- What are your long-range and short-range goals and objectives?
- What qualities does a successful manager possess?
- What qualities does a successful team player possess?
- What kind of challenge are you looking for?
- What do you think determines a person’s progress in a good company?
- What are your ideas on salary?
- What personal characteristics are necessary for success in your field?
- Do you prefer to work on your own or under a supervisor?
- How are you conducting your job search and how will you go about making your decision?
In behavioral interviews, candidates are asked to give specific examples of when they demonstrated particular behaviors or skills related to the target role. The purpose of behavioral interviewing is to objectively measure a potential employee’s past behaviors as a predictor of future results.
- Tell me about a time when you had to deal with someone whose personality was different from yours.
- Give me an example of a time where you had to carry out a directive with which you did not agree.
- Give me an example of when you showed initiative in solving a problem.
- Tell me about a time you took on a leadership role.
- Tell me about your most successful presentation and what made it so.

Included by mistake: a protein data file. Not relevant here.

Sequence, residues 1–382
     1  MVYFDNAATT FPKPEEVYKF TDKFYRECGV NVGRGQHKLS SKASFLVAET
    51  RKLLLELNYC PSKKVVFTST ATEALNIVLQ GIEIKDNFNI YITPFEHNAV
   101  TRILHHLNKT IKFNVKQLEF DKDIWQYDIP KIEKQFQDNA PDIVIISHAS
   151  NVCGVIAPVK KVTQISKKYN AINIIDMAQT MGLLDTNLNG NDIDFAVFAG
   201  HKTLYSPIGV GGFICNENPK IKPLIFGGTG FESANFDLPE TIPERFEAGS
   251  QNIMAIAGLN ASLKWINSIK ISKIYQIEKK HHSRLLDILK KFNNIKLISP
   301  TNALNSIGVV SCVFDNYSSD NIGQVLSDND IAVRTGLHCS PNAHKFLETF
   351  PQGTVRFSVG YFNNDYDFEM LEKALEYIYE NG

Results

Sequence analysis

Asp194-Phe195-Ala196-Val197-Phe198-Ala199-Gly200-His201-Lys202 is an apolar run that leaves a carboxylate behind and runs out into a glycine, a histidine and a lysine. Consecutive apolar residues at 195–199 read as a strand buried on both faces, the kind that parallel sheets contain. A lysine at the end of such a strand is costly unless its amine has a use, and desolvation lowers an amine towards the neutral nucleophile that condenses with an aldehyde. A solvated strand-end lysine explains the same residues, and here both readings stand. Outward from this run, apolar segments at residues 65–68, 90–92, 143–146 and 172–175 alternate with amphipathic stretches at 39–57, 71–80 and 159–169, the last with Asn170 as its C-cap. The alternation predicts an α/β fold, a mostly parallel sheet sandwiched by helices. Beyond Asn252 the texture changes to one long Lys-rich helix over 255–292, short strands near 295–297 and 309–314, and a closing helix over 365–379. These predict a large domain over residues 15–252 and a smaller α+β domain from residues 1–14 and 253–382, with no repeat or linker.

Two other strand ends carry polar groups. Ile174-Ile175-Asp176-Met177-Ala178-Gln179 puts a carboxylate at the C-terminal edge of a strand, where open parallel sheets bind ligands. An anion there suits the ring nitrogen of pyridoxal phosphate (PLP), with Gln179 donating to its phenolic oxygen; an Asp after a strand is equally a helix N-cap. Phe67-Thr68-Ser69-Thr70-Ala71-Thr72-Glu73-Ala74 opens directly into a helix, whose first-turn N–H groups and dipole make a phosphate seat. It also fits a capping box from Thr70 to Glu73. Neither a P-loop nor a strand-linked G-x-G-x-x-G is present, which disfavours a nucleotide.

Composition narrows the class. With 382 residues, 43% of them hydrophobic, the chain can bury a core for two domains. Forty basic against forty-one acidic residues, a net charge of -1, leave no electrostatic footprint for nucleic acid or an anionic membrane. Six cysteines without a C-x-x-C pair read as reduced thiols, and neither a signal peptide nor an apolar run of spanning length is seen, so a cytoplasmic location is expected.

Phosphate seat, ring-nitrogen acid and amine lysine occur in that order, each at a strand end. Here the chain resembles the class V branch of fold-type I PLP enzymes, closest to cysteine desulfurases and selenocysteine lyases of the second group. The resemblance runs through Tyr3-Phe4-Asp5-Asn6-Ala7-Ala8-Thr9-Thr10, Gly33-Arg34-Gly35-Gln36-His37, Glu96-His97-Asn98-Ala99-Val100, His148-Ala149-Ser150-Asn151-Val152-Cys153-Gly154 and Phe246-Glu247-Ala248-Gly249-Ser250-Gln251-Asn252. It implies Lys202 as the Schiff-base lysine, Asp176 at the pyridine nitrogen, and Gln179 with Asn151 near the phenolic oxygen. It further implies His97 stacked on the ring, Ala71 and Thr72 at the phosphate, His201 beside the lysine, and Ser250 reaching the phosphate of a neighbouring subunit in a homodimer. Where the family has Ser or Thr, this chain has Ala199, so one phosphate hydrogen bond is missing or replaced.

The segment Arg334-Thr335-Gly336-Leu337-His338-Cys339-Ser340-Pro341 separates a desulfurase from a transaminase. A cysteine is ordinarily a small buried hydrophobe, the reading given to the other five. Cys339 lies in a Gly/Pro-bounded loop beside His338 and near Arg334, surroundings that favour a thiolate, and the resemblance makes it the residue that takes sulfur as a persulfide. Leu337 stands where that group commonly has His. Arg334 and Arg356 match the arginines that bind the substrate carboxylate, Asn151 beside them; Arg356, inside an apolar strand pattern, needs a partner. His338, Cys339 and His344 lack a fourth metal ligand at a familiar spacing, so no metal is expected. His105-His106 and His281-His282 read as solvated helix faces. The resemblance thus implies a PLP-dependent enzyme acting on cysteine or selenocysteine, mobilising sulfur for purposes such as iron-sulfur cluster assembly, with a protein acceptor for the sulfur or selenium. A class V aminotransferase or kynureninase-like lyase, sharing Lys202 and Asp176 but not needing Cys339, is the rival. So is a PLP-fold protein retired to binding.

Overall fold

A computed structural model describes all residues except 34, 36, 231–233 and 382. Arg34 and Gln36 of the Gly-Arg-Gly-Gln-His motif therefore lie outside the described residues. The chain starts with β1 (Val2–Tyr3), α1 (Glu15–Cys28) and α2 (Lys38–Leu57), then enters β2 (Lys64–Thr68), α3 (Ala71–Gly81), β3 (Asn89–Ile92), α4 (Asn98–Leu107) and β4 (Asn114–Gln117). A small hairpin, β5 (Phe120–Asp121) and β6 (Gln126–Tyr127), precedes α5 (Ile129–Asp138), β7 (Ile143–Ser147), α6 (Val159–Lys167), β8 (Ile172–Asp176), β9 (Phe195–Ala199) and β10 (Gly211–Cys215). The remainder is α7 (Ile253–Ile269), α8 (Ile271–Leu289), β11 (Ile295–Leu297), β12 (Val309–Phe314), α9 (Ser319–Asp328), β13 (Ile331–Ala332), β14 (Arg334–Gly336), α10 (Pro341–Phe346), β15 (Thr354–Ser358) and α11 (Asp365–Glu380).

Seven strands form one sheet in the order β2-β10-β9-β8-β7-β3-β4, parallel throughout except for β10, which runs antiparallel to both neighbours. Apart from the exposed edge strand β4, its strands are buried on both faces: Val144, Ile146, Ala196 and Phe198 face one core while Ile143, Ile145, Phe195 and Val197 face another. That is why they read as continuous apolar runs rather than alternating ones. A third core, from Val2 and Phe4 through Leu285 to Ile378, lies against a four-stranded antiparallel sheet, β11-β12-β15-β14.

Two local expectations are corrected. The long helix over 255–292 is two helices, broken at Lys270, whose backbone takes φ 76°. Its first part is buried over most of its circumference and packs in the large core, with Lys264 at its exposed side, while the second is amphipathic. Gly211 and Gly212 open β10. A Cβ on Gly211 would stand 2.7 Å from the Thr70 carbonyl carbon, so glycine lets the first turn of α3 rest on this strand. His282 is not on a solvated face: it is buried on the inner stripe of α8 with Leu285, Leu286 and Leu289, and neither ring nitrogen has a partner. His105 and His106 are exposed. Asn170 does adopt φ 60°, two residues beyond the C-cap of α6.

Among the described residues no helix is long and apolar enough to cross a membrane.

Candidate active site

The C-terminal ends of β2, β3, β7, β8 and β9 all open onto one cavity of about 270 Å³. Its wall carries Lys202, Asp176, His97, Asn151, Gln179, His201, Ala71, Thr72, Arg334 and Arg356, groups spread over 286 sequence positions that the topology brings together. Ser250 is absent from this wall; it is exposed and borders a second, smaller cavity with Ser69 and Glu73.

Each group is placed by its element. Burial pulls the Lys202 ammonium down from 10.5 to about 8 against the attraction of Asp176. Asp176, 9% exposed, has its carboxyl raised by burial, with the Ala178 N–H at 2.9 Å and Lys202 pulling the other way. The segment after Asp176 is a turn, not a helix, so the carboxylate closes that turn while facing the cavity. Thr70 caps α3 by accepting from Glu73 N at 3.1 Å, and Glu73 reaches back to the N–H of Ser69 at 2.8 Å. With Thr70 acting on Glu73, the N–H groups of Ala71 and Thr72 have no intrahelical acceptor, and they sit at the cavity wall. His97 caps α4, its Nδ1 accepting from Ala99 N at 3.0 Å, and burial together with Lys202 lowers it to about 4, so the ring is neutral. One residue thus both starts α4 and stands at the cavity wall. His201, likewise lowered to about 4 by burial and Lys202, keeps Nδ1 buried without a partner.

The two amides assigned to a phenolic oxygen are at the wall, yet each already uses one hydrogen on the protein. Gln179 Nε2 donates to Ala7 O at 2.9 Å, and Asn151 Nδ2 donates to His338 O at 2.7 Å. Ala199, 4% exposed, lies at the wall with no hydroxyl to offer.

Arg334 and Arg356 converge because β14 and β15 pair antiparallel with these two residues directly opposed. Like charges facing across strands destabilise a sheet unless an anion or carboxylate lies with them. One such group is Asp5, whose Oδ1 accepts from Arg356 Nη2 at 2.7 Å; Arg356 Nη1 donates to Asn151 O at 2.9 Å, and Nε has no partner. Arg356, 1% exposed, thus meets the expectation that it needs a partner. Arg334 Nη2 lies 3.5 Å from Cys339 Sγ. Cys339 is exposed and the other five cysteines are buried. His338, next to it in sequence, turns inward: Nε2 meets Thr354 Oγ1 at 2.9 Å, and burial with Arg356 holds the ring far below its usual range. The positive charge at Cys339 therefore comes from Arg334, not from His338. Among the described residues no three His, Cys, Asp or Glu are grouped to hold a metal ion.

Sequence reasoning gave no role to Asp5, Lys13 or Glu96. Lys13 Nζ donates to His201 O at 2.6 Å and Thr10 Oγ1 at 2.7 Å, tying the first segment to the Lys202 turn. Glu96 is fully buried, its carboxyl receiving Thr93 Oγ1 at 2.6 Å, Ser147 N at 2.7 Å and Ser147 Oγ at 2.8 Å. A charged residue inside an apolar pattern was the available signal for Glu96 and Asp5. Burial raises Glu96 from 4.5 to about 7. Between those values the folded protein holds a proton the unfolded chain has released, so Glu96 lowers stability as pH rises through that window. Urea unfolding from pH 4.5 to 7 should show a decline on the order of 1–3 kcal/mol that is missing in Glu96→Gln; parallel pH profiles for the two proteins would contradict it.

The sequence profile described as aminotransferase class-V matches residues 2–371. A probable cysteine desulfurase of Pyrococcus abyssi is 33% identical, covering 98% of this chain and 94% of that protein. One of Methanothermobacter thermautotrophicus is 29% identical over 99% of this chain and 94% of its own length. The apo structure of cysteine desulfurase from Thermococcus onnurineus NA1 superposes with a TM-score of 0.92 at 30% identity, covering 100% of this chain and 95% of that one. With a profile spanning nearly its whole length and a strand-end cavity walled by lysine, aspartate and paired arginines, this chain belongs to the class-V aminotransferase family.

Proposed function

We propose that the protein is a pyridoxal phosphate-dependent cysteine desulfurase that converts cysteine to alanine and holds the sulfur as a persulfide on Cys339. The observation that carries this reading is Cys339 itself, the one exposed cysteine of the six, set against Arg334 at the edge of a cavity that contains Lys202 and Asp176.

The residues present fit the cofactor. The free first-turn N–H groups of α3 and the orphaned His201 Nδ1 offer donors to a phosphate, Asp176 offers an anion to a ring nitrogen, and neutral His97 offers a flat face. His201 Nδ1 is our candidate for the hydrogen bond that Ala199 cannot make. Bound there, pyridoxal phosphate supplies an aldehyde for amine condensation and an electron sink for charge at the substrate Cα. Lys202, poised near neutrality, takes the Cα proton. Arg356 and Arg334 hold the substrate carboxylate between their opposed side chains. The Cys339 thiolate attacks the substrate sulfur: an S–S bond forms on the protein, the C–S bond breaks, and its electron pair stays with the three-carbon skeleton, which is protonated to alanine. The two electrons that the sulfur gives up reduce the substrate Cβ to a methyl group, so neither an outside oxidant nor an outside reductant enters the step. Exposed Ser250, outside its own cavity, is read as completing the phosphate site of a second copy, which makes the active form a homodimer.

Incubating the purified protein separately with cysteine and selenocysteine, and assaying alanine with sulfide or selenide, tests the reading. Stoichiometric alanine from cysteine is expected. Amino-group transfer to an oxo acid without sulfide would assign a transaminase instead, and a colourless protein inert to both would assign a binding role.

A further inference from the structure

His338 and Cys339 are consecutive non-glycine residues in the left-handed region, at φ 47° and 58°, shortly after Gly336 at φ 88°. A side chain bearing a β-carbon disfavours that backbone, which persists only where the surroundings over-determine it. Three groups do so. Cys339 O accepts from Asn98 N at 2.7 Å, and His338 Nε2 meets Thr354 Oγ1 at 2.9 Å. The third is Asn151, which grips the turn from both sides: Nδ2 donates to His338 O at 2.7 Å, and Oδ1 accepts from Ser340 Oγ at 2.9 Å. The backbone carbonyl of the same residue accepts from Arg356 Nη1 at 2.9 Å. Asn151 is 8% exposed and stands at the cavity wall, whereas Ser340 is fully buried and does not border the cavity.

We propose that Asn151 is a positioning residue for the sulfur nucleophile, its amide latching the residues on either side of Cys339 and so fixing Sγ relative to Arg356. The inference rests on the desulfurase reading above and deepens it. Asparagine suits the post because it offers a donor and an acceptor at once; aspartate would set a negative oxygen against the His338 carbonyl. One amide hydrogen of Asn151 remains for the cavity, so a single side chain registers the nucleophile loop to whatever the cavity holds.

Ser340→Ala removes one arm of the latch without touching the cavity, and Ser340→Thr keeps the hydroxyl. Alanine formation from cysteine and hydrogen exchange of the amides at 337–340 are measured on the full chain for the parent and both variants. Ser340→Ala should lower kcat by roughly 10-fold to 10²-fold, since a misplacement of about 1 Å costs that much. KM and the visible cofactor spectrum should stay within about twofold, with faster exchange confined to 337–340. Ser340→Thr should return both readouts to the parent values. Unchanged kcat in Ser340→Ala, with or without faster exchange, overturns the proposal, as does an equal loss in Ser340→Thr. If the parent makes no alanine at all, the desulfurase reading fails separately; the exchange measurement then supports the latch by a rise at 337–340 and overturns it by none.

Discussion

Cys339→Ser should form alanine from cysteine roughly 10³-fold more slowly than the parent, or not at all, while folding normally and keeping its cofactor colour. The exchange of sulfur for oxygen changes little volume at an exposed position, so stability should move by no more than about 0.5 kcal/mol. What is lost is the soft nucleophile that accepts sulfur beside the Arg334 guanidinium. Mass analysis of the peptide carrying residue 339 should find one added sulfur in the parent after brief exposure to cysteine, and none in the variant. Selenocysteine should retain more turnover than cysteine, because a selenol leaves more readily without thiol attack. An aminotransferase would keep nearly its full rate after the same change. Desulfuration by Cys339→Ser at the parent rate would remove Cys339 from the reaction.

- Tell em about a meeting where you provided technical expertise. How did you ensure that everyone understood?
- Tell me about a time when there was conflict in a job/lab/class project. How did you handle it?
- Describe a time when you took a risk.
- What were the biggest challenges/problems you encountered in college? How did you handle them?
- Talk about a time when you had trouble getting along with a professor/team member/supervisor?
- Describe a situation in which you used persuasion to successfully convince someone to see things your way.
- By providing examples, convince me you can adapt to a wide variety of people, situations, and environments.
- Give me an example of a time in which you had to be relatively quick in coming to a decision.